My first post about women artists represented on Public Art Walk Boston included art by both Anne Whitney and Theo Alice Ruggles Kitson on Commonwealth Avenue Mall. That was in March 2017. Now almost a year later, I will wrap up the promised project with their additional art.
Thadeus Kosciuszko in Boston Public Garden
Samuel Adams outside Faneuil Hall
Both Whitney (1821—1915) and Kitson (1871—1932) were successful productive sculptors. Both also faced and dealt with challenges related to being women.
Samuel Adams by Anne Whitney
At the time that Whitney began to study art, women had limited educational opportunities.
Unlike male students, women could not take life drawing classes.
Whitney moved to New York so that she could study anatomy at a Brooklyn hospital from 1859 and into 1860.
Two years later, she rented a studio in Boston near William Rimmer, an artist and physician, with whom she studied. He critiqued her works as she began making full-length sculptures.
[Photo captions quote from Wikipedia biography of Anne Whitney]
“This bronze sculpture is based on an earlier marble version, which Anne Whitney created for the Capitol building in Washington, DC. The City of Boston then requested a replica to be placed in front of Faneuil Hall, where Adams participated in town meetings to discuss British taxation and occupation. Despite the success of this commission, Whitney was barred from sculpting another male figure only a few years later (see Charles Sumner*).”[quote from Public Art Walk Boston]
Tadeusz Kościuszko by Theo Alice Ruggles Kitson
Born in the Polish-Lithuanian Commonwealth in 1746, Tadeusz Kocuiszko became an American military hero during the Revolutionary War.
He immigrated to the colonies in 1775, joined the Continental Army shortly thereafter, and rose to the rank of colonel and then head engineer.
In this final position, he oversaw the fortification of such strategic areas as the city of Philadelphia, the Delaware River,and West Point, the site of the future military academy.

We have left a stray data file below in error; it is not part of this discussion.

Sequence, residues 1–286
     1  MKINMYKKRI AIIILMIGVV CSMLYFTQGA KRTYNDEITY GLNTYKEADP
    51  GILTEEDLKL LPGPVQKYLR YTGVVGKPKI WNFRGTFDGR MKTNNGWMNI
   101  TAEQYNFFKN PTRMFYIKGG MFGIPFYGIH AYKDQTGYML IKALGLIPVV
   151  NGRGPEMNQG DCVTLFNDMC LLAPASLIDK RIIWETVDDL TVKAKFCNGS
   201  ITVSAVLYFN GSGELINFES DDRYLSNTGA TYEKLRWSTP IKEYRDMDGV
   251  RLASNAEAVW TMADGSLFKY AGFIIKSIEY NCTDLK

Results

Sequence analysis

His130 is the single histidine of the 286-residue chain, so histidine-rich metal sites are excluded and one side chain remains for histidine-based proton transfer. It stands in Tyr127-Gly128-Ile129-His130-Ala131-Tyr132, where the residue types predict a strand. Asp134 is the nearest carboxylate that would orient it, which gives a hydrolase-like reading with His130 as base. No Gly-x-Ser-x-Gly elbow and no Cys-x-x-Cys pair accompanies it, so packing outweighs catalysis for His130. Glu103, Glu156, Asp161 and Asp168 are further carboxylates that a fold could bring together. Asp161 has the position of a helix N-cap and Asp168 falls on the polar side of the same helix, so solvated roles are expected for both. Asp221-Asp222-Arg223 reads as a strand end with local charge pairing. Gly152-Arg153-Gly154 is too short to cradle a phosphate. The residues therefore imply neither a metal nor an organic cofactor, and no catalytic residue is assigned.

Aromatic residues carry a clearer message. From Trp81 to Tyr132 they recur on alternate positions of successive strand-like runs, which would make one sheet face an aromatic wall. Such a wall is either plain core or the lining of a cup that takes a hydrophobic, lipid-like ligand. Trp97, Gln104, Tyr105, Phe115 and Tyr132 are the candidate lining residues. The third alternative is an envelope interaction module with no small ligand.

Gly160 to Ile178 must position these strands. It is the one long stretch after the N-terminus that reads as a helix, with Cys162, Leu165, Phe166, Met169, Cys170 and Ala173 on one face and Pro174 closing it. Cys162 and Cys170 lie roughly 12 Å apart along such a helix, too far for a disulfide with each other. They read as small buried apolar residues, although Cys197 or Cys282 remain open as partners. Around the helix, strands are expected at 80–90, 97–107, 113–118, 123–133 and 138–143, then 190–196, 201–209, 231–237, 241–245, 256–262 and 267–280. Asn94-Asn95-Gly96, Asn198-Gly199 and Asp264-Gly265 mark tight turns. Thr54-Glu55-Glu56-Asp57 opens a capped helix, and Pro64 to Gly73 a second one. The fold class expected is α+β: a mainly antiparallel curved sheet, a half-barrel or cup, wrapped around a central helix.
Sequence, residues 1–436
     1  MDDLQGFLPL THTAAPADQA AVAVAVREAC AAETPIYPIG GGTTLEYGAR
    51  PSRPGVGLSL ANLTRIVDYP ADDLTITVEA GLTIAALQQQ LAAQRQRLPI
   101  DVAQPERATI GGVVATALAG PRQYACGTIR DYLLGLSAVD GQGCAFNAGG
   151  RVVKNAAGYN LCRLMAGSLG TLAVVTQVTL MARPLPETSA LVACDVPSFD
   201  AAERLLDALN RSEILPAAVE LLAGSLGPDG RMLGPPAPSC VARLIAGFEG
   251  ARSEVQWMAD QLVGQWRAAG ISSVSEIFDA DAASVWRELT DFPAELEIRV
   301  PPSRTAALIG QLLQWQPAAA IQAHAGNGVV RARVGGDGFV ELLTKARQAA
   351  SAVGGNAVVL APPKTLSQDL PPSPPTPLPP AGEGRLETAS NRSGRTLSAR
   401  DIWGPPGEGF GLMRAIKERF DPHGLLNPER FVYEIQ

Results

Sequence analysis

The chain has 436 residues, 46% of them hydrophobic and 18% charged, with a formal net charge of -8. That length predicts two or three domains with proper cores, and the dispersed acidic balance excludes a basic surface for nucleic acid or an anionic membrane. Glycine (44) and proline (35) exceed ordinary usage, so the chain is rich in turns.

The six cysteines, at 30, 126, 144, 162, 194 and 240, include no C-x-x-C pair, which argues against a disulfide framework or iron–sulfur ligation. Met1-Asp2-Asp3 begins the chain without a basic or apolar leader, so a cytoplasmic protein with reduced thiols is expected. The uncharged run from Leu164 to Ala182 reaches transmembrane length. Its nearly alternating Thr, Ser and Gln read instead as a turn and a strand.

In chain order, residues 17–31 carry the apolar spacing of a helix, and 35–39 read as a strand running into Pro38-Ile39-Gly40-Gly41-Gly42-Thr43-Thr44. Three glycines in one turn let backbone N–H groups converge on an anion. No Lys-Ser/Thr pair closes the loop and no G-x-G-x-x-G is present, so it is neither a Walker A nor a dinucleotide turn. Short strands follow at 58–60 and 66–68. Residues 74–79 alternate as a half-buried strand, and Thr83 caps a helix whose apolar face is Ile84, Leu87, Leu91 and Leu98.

Kocuiszko was also recognized as a military hero in his homeland, where he fought against invading Russian troops in 1792.
Boston-area Polish organizations commissioned this bronze statue by local sculptor Theo Alice Ruggles Kitson to memorialize the 150th anniversary of Kosciuszko’s enlistment in the Continental Army.
[Photo captions quote from Public Art Walk Boston. ]
“Theodora Alice Ruggles Kitson preferred to be known as Theo. Kitson, or T.A.R. Kitson, at least professionally. She was not alone in choosing a masculine-sounding name, for in the 19th century this was an advantage for a woman whose work was in the public eye.” (quote from Carolyn Wirth in 69 Memorials and a Hiker)
For valuable context about women sculptors of the times when Whitney and Kitson worked, read The Enigma of American Women Sculptors and other posts by Carolyn Wirth on her site To Work as a Sculptor, a truly significant resource for me.
Theo Alice Ruggles Kitson (January 29, 1871 – October 29, 1932)
Anne Whitney (September 2, 1821 – January 23, 1915)
The Enigma of American Women Sculptors, to work as a sculptor, a studio journal by Carolyn Wirth
69 Memorials and a Hiker, to work as a sculptor, a studio journal by Carolyn Wirth
Salute to Women Artists along Commonwealth Avenue Mall
Boston Public Art Walk: Samuel Adams
Boston Public Art Walk: Tadeusz Kosciuszko
Boston Public Art Walk: Charles Sumner